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3. The Pasillo: Rise and Decline of the National Song

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pp. 66-94

Like many middle-class children in Guayaquil, I grew up listening to música nacional at home, in my neighborhood, and at school. In the 1960s and 1970s, it was a common feature to hear serenades of romantic boleros and pasillos devoted to a mother or a woman...

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4. Rocolera Music: New Urban Sounds in the City

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pp. 95-129

The 1970s was a period of profound social, economic, and political transformations in Ecuador. The discovery of petroleum in the Amazonian region changed the country’s economic structure, which until then had primarily been based on agricultural exports...

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5. Chichera Music: The “Tropicalization” of Música Nacional

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pp. 130-162

The 1970s was not only a period of “rocolization” of the Ecuadorian pasillo but also one of “tropicalization” of música nacional. By “tropicalization” I mean the fusion...

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6. The Tecnocumbia Boom in Ecuador: “A Letter with My Kisses Sent with Love by Internet"

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pp. 163-191

It seems that almost every Ecuadorian has a close relative, friend, or acquaintance who has left the country in the aftermath of the economic crisis at the turn of the twenty-first century, as I learned in myriad conversations with taxi drivers, street vendors, domestic servants...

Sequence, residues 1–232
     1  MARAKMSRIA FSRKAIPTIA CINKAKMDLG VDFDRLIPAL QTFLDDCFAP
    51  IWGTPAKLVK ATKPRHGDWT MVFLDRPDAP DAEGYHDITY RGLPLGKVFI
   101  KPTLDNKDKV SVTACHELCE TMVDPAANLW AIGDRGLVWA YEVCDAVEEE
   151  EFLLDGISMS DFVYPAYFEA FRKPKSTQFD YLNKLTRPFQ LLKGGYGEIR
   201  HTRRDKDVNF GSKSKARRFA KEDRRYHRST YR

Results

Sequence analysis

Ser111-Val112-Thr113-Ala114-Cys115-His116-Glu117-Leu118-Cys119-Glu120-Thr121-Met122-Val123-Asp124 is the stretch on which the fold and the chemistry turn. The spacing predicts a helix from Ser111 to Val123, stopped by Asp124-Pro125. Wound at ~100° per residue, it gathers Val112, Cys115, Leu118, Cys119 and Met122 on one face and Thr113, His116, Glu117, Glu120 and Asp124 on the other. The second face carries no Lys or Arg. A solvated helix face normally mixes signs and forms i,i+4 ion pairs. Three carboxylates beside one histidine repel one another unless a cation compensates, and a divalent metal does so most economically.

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7. The Translocation of Ecuadorian Popular Music

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pp. 192-210

While rural-to-urban migration has been a common occurrence in Ecuador throughout the twentieth century, emigration to the United States and Europe was rare before the 1970s (Jokisch 2001)...

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Epilogue: Whose National Music?

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pp. 211-223

This book has explored different repertoires of Ecuadorian and non- Ecuadorian music which at some point have been considered (or labeled) música nacional. In analyzing the ideology of mestizaje as a nation-building discourse in Ecuador...

Appendices

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pp. 225-228

Notes

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pp. 229-234

Glossary of Ethnic and Musical Terms

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pp. 235-236

Bibliography

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pp. 237-246

Index

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pp. 247-253

About the Author

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p. 255-255


E-ISBN-13: 9781439900598
Print-ISBN-13: 9781439900574

Page Count: 268
Illustrations: 20
Publication Year: 2012

Series Title: Studies In Latin America & Car
Series Editor Byline: edited by Peter Manuel